But the DOS support in OS/2 was excellent. Many users ran OS/2 even though they used primarily DOS applications, simply because of the added multitasking capabilities. I personally believe OS/2's DOS support to be second only to real DOS and better than Windows 9x (not to mention NT).

With the benefit of hindsight I can safely say that the very good level of DOS and Windows application support was a double-edged sword. While it attracted more users by preserving their investment in DOS and Windows software, at the same time it discouraged developers from writing native OS/2 programs because by developing for DOS/Windows they could target the DOS/Windows and OS/2 markets. I believe the net effect was still positive but probably not nearly as much as IBM initially expected.


I have recently managed to buy a copy of OS/2 2.0, still shrink-wrapped. IBM was selling versions on 3.5" and 5.25" HD floppies as well as CD-ROM versions, although CD-ROM drives were far from common in 1992 and OS/2 2.0 only supported few SCSI CD-ROMs. My version is on 3.5" floppies, 21 disks total.

I installed OS/2 2.0 on my home machine, a PIII-600 with 256MB RAM. The installation wasn't entirely smooth - the first obstacle was that one of the 21 floppies had developed bad sectors over the years - not too surprising. And I likewise didn't find it surprising that the bad floppy was the most important one, the Installation diskette. But I managed to obtain a floppy image soon thanks to a generous old-time OS/2 user. Then OS/2 started rebooting my machine when booting from the floppies. So I played with my machine's BIOS settings a bit, disabled CPU caches and everything started working - later I found out that this was a "known issue" even with OS/2 2.1. After that the installation was quite uneventful.

On my machine this ancient version OS/2 runs blazingly fast - booting up from Boot Manager to fully populated Desktop only takes about 9 seconds. Too bad eComStation isn't that fast.


OS/2 2.0 faced the same problem as OS/2 1.x few years before - lack of applications. It could run most existing DOS, Windows and OS/2 1.x applications but it would take a while for the new 32-bit apps to appear. IBM was naturally first to deliver 32-bit software such as DB2, CSet/2 or LAN Server.

I have sampled few applications from the 1992-1993 with special emphasis on compilers (application development is my job you know). The first of them is CorelDraw 2.5:

Before that, Corel apparently had a 16-bit OS/2 version of CorelDraw 2.0 for OS/2 1.3. Version 2.5 was a complete suite of programs like Draw, Chart or PhotoPaint:

Unfortunately the package looked like a very quick and dirty job because apart from Draw and Mosaic, all the other programs were Windows 3.x versions! CorelDraw didn't even have native OS/2 help, just a big Windows help file.

But apart from that, CorelDraw was a fairly capable vector drawing program. I'm no graphics artist but I have several times successfully used CorelDraw to create figures in EPS format for inclusion in TeX documents.

And CorelDraw even had competition - Micrografx Designer, developed by Micrografx and just like CorelDraw avaliable in a Windows version as well.

I haven't extensively used either of these apps but Designer seemed more complete and polished to me. It did not come with equivalents of tools like PhotoPaint but it was supplied with an extensive library of clipart and fonts. Another difference between those programs was that in CorelDraw, the preview window was separate and not editable. In Designer it was possible to turn on preview mode and directly edit the drawing, or one could edit just the wireframe representation.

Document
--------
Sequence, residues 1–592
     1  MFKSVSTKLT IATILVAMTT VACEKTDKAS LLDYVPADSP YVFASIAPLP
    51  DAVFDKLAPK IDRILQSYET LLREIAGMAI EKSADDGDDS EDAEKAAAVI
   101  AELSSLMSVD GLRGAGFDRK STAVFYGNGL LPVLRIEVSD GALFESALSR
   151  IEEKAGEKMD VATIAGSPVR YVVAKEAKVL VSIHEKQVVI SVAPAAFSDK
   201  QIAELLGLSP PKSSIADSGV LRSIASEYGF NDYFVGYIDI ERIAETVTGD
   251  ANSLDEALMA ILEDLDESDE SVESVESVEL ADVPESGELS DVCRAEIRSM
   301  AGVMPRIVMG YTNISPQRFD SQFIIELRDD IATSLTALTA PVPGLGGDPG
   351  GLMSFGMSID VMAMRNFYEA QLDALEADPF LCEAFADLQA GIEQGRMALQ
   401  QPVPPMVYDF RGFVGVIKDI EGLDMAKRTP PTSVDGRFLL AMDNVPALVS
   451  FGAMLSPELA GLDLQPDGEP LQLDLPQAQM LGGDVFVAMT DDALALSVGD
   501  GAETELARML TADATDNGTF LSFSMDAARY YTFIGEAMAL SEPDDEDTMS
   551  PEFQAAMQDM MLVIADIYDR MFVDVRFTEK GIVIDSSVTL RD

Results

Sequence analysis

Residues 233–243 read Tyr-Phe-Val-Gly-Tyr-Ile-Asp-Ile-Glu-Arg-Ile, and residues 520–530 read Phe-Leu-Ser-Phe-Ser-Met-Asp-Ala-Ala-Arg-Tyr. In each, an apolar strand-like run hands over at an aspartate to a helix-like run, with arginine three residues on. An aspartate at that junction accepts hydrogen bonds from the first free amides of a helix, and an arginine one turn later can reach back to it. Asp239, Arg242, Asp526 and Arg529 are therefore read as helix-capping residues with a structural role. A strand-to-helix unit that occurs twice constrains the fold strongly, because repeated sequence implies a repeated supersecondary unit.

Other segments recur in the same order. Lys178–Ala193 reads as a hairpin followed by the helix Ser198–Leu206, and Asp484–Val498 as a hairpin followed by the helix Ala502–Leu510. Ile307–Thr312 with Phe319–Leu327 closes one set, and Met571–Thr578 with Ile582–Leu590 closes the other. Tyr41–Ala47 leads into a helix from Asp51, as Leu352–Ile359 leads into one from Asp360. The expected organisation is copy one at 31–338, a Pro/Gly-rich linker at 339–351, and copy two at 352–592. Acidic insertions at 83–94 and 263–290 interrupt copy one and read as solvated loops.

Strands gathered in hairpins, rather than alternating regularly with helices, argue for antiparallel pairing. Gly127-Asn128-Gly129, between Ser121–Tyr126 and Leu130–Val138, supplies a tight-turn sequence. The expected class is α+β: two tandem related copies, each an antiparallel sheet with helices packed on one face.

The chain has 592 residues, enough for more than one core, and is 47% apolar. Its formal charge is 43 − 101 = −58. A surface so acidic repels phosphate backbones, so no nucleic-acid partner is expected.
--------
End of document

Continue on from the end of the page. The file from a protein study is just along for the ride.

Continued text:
Micrografx Designer was developed using Micrografx's own Mirrors software:

Interestingly enough, it appears that CorelDraw used Micrografx Mirrors as well.

Micrografx originally developed Mirrors for OS/2 1.x and closely collaborated with IBM on developing a 32-bit version. Mirrors was conceptually identical to IBM's Open32 in that it enabled source portability between Windows and OS/2 (but unlike Open32 it was targeting 16-bit Windows). It is interesting to note that Messrs. Delimon and English were co-authors of the well-known programming book Real-World Programming for OS/2 2.11.

I unfortunately haven't managed to get my hands on any OS/2 wordprocessor from the 1992-1993 era - maybe one day I will.


As with OS/2 1.x, OS/2 2.0 was a good development platform. Even if it was not as stable as a 32-bit protected mode OS can be, it was a far cry from the constant stream of crashes, lockups and reboots so familiar to DOS and Windows 3.x developers. Within a year of the OS/2 2.0 release, several 32-bit compilers were released. I think it is safe to say that all major compiler vendors supported 32-bit OS/2 - with the notable exception of Microsoft of course.

OS/2 1.x was developed exclusively using Microsoft tools. Initial phases of OS/2 2.0 development relied on Microsoft compilers as well, namely the compiler designated as "Microsoft C 386 Compiler", never marketed as a retail product and still available on the OS/2 DDK and used for building certain device drivers (and perhaps even parts of the OS/2 kernel). I have MS OS/2 2.0 SDK from mid-1990 which includes this compiler and C runtime libraries. By the way, the LINK386 in that SDK produced LE executables, not LX.

But after the rift in 1990, it was clear to IBM that they could no longer rely on Microsoft to supply OS/2 compilers. For one thing, in 1992 Microsoft didn't even have a retail 32-bit compiler available. Hence the IBM Toronto lab developed a 32-bit OS/2 C compiler known as CSet/2. I unfortunately do not have CSet/2 but I have its successor (actually I have most of its successors) released in early 1993, IBM CSet++.

IBM is usually pretty good at confusing its customers with its product naming and complicated product relationships. CSet++ was no exception and actually consisted of three more or less stand-alone packages: